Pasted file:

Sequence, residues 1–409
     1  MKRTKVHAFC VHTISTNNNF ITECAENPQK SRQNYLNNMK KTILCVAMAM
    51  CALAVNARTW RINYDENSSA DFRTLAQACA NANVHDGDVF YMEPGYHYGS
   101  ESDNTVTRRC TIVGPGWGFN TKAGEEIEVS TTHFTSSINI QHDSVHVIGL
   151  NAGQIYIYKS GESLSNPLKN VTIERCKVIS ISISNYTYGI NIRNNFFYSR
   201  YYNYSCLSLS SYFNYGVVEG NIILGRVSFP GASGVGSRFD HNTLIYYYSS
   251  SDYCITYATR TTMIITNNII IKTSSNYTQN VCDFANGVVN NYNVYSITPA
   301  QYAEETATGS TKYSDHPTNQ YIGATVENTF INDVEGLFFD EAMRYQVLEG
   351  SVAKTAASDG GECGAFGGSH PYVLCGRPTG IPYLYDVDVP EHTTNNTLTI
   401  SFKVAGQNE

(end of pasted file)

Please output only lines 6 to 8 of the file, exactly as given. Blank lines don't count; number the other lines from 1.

   201  YYNYSCLSLS SYFNYGVVEG NIILGRVSFP GASGVGSRFD HNTLIYYYSS
   251  SDYCITYATR TTMIITNNII IKTSSNYTQN VCDFANGVVN NYNVYSITPA
   301  QYAEETATGS TKYSDHPTNQ YIGATVENTF INDVEGLFFD EAMRYQVLEG